It was the Monday that the Beast from the East had sidled its way into the British Isles and Nappy Valley was shivering under icy ... Read Feature
Working in the restaurant business sometimes seems to have all the stability and permanence of a career in snow clearing. Not so long ago there were two excellent Spanish eateries on the Northcote Road, the more upmarket Lola Roja and its tapas bar sibling, Rosita. First Lola Roja shut its doors and then more recently, within the last couple of months Rosita also joined it in the great Zagat directory in the sky.
I have to admit that I only liked Rosita, whereas many of my friends appeared to love it. Yes the food was good, and the sherry dry, but service was often chaotic and to me it always seemed slightly busier than it really deserved. It was however easily the best tapas around, but it wasn’t really up against much competition. Anyway that’s a rather long winded way of explaining why when Rosita closed its doors for the last time, my reaction was more of a slightly disappointed shoulder shrug than the gnashing of teeth and wailing that seemed to emanate from a number of my acquaintances.
I was actually more excited to learn of what would be replacing it, the new Battersea branch of Macellaio RC, the upscale Italian steak mini chain. I had dined previously at the Knightsbridge branch and had been so impressed I decided not to review it. Gathering up the Ultimate Rugby Fan (URF,) and my boss who we’ll call the VP, we made our way over to try out this latest incarnation.
As the restaurant was still in soft launch mode, there was an offer with 50% discount on all food. This meant that as walk ins we were very lucky to get seated, and actually ended up on outside table. The interior though seemed well done, with a butcher counter now at one end of the room (macellaio in Italian apparently means butcher, well so claims the VP who also claims to be of Italian extraction,) with the tables rather more comfortably spaced than was the case with Rosita. This will mean that booking in advance will probably remain sound policy even once the soft launch offers expire.
The table outside was nice, if rather wobbly. My birthday was fast approaching and the VP and the URF seemed to take this, coupled with the age gap between us as licence to act like naughty school children. The menu at macellaio is really rather offal friendly, featuring such delicacies as tripe, heart & liver to frighten those of a less adventurous dining disposition. The URF channelling the spirit of a 12 year old child, thought that it would be hilarious for me to start with a lovely plate of bulls testicles, which she duly insisted I order. Well the joke was on here, as these items were in fact so popular that they’d actually sold out.
Instead I was presented with plates of both the heart and the liver, neither of which hold much fear for me in the munching stakes. The liver was sweet, juicy and succulent, everything that you dread liver won’t be. I thought it was great. The heart, was in comparison rather bland, the meat was fresh and of good quality but lacking in any seasoning.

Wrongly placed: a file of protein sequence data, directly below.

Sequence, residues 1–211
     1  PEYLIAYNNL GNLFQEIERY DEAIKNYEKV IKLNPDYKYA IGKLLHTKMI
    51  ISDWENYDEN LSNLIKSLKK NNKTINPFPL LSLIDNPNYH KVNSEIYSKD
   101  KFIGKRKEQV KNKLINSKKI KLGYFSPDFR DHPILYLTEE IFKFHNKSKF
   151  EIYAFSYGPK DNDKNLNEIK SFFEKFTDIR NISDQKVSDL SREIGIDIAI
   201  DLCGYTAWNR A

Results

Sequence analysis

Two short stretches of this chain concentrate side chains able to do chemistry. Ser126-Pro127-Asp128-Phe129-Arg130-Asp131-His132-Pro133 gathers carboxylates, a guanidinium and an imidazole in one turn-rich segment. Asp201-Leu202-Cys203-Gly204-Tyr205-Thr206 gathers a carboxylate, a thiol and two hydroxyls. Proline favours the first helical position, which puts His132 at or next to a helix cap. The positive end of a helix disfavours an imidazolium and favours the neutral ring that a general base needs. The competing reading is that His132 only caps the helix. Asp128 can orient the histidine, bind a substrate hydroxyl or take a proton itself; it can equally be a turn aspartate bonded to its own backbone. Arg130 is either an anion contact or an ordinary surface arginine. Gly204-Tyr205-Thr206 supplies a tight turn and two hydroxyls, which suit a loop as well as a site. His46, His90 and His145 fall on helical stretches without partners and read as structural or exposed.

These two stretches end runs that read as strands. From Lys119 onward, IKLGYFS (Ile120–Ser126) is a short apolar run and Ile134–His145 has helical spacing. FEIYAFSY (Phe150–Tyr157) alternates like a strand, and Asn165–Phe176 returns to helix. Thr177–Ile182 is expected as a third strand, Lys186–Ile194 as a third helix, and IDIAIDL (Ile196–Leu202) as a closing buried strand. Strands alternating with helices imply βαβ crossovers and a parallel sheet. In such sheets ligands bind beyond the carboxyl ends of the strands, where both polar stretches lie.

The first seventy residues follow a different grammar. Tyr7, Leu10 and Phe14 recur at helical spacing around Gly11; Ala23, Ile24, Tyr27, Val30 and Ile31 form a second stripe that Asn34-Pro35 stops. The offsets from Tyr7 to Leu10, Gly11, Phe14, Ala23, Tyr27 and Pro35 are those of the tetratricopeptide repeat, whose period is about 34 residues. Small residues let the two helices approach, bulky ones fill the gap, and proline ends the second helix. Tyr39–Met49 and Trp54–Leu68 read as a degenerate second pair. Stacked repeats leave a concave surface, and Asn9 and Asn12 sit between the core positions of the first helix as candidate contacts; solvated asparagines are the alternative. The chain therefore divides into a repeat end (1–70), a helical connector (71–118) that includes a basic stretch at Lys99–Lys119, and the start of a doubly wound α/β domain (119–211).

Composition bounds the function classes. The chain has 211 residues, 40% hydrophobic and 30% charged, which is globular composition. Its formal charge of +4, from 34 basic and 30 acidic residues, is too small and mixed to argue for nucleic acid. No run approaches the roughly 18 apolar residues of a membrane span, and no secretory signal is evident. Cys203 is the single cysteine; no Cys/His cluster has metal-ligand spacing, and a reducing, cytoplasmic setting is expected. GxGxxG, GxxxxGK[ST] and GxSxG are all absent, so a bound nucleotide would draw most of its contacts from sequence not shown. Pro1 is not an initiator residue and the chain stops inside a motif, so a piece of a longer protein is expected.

The URF & VP were sharing some steak tartare and croquettes. The tartare had sounded beautiful in the description, a regular bloody Mary tasting concoction of beef, Worcester sauce, Tabasco, capers, but tasted under seasoned. The meat was obviously of good quality, but the garnishes rested like a beermat underneath not contributing enough to the overall experience. The croquettes were tasty, but rather dry, not the best I’ve tried.
For drinks I’d chosen a Pinot Nero, which is an Italian synonym for Pinot Noir. It was rather more full bodied than you’d expect from a wine of that varietal and went well both the starters and the main course. The wine list is both extensive and expensive, encouraging you perhaps to experiment but not too wildly. Like most modern restaurants, at this level I’m confident that there isn’t a bad choice on any of the pages.
For the main event the VP went for a chef’s salad with bresaola, which he was more than happy with, saying that bresaola was of excellent quality. The URF had a smaller steak, which she claimed was lady sized and was tasty but again perhaps a bit under-seasoned. Myself I had 500 grams of rib of beef, which was again lovely and fresh tasting and the size of a small car, accompanied by purple broccoli and sauted potatoes.
Service was a bit clunky, as you’d expect in a soft launch, but enlivened by the obvious interest the manager showed in telling the story of the restaurants, the provenance of the food and talking us through the options with the after dinner drinks. The bill when it came was about £94 which is a good value for 3 people, but would have been about £140 if the 50% offer hadn’t been on which is still reasonable but not great.
I have to say though that I hope that they succeed, the obvious pride that they take in the ingredients, the presentation of the food, the breadth of the wine list means that this represents something more sophisticated than usually found on the lower reaches of the Northcote road. I look forward to returning in a couple of months and seeing how they’ve grown and perhaps having another one of their interesting fizzy ports, I might even claim it’s my birthday once again.